More than 50 sea otters off the cast of California have been tagged by men working for the local Department of Fish and Game.
CU Sea otter
SV Men load traps on the boat
SV Boat leaves quay-side
MV Crew spot otters
LV Otter in water
MV Diver goes over the side
CU Wild looking through binoculars
SV Passing nets over the side to diver PAN to divers swimming away with trap
CU Paul Wild, expedition leader
SV Divers return with otter in trap
SV Otter in trap being put aboard boat (2 shots)
CU Otter being tagged (3 shots)
CU Diver looking on
SCU Otter struggling in net
CU Otter being released
CU Otter swimming about contentedly
Initials ES. 1727 ES. 1745
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Background: More than 50 sea otters off the cast of California have been tagged by men working for the local Department of Fish and Game. The Department is studying the population, feeding habits and living environment of the otters.
Tagging is necessary to make identification possible at later stages of the study, when migratory, habits, age groupings, herd composition, sex ratios, mortality and birth rates will be examined.
The study is also being undertaken to assess the effects on marine ecology of the enormous growth in the sea otter population off the coasts of California.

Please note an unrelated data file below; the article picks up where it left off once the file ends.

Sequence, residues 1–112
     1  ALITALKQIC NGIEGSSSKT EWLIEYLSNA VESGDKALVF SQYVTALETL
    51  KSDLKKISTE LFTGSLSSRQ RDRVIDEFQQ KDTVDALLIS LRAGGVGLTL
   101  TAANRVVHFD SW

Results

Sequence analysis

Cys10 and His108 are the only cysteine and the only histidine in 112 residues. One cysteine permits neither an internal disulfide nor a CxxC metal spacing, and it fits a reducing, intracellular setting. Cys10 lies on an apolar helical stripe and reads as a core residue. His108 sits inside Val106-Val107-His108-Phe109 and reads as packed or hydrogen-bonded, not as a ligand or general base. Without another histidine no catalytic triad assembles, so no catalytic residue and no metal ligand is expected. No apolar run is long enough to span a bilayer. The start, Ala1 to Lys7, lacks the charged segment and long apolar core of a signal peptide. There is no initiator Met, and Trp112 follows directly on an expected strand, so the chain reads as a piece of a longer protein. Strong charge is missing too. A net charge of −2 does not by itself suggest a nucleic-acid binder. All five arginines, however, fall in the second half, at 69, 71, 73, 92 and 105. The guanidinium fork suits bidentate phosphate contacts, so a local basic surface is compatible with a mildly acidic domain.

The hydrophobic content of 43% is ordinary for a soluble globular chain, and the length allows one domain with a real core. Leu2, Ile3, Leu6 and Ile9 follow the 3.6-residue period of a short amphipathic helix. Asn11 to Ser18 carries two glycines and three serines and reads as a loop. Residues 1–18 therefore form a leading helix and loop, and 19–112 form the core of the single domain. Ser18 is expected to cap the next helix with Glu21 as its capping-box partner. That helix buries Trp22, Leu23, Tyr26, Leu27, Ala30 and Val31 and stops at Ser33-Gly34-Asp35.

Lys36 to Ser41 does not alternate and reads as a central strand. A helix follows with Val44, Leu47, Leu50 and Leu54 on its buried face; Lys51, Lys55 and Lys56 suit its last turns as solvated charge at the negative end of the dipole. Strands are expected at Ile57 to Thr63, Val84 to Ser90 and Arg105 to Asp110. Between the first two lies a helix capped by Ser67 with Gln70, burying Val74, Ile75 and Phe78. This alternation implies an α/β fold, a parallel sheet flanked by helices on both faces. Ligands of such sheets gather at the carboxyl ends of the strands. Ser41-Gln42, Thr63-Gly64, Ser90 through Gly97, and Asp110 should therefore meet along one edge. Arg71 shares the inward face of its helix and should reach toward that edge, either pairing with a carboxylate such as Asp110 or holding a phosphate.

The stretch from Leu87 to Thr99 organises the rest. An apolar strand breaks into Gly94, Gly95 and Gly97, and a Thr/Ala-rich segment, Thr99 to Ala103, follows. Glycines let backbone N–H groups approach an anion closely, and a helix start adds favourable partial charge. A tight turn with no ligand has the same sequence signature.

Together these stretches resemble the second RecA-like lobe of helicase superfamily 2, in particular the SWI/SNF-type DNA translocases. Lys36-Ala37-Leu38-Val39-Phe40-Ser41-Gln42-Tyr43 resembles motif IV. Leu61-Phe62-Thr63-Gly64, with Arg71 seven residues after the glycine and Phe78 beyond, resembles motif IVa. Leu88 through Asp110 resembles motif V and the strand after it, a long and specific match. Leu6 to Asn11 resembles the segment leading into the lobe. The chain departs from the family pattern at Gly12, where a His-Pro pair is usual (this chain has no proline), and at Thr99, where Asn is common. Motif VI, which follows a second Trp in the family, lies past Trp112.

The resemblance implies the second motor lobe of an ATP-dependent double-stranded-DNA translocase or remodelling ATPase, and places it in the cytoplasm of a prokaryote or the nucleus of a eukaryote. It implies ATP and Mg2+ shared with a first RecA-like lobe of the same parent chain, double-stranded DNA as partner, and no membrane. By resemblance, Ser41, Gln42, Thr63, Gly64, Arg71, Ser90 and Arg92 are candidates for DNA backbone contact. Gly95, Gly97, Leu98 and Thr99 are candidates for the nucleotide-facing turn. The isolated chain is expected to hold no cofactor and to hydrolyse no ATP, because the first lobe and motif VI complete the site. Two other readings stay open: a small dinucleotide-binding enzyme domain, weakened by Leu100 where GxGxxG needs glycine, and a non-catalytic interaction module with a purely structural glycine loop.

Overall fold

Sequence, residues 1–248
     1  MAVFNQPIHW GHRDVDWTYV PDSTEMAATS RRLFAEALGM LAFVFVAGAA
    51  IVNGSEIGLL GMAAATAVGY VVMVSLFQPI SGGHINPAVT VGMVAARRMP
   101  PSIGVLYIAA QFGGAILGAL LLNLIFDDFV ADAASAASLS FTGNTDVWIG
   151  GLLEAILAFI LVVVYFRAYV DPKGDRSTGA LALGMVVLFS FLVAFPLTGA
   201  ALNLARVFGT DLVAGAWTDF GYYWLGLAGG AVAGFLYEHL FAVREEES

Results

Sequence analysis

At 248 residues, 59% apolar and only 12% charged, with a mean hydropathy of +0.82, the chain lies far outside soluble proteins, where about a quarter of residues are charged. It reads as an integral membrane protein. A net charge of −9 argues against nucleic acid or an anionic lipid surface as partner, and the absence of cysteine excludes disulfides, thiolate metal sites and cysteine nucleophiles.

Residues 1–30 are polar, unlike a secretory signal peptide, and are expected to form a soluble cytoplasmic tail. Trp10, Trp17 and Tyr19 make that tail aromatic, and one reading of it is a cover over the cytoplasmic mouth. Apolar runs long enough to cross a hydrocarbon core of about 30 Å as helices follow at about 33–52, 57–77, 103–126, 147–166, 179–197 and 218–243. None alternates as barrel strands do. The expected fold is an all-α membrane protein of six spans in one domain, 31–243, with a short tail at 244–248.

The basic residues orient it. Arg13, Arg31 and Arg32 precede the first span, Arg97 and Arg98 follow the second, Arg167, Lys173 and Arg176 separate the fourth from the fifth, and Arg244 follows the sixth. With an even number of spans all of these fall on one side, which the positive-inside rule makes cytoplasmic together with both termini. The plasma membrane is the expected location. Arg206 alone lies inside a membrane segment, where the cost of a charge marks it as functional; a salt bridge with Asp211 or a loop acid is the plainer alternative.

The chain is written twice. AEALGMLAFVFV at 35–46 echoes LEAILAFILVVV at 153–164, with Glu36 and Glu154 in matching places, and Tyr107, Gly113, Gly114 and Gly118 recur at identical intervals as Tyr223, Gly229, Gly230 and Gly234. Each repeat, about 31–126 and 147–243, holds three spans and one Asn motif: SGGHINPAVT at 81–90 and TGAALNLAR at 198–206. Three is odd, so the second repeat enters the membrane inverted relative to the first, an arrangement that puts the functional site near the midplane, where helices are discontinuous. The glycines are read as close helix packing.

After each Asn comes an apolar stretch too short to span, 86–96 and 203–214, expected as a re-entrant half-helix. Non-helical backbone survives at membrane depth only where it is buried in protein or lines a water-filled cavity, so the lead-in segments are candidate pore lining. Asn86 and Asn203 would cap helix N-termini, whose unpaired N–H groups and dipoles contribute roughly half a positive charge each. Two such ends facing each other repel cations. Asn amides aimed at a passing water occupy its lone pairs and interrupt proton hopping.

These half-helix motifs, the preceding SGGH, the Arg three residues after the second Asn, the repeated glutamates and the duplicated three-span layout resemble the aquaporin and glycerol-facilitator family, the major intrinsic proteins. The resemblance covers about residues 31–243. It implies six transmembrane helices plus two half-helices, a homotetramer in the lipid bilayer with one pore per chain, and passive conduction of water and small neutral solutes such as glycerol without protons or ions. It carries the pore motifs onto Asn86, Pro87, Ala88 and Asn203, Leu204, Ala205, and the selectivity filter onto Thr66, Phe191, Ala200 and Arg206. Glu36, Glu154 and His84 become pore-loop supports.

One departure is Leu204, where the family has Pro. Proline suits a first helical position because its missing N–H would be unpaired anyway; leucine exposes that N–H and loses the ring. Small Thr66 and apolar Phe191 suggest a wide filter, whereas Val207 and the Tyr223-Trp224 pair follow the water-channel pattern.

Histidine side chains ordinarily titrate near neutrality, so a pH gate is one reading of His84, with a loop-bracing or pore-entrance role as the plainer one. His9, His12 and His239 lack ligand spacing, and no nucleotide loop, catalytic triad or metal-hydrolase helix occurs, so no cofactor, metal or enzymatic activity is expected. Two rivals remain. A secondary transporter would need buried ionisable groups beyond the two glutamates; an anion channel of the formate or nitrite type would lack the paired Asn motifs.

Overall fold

Other sea life, such as abalone sea urchins clams and crabs, are inevitably affected by their growth.
In the last two centuries, the otters were freely hunted for their fur but uncontrolled trapping caused their numbers to dwindle considerably.
Protective measures just ensured that now they not only survive in the sea around California, but have actually increased and multiplied. At present there are an estimated 1,500 otters living off the California coast.
SYNOPSIS: A study of the sea otter and its habits is being undertaken in the United States by the California Department of Fish and Game. So that the scientists can identify the animals, throughout the study, the otters have to be first trapped and tagged. They are then released unharmed and apparently happy.
There are between 1,200 and 1,500 otters in the California waters and they have been increasing rapidly in recent times. Because their fur was highly priced, there was a time when they were unmercifully hunted; in the eighteenth and nineteenth centuries, otters were trapped in the waters of the Pacific Ocean from northern Japan to the West Coast of the United States. Today they are totally protected by law.
Paul Wild, a marine biologies, who was appointed head of the study group by the California Department of Fish and Game, personally supervised the tagging operation. He said the work will enable his group of scientists to observe the migratory habits, age groupings, sex ratios, mortality and birth rates of the sea otters. The scientists hope that knowledge of the sea otter will help them learn about other sea life around the coasts of California. It shows for instance how the increase in the number of otters in these waters has affected the abalone, sea urchins, clams and crabs. The whole ecology of an area is bound up with the forms of life which flourish there.
The efforts to safeguard the otter and other mammals living in the Californian waters is considered so important by the Unites States Federal Government, that it has assumed overall responsibility for them since last year.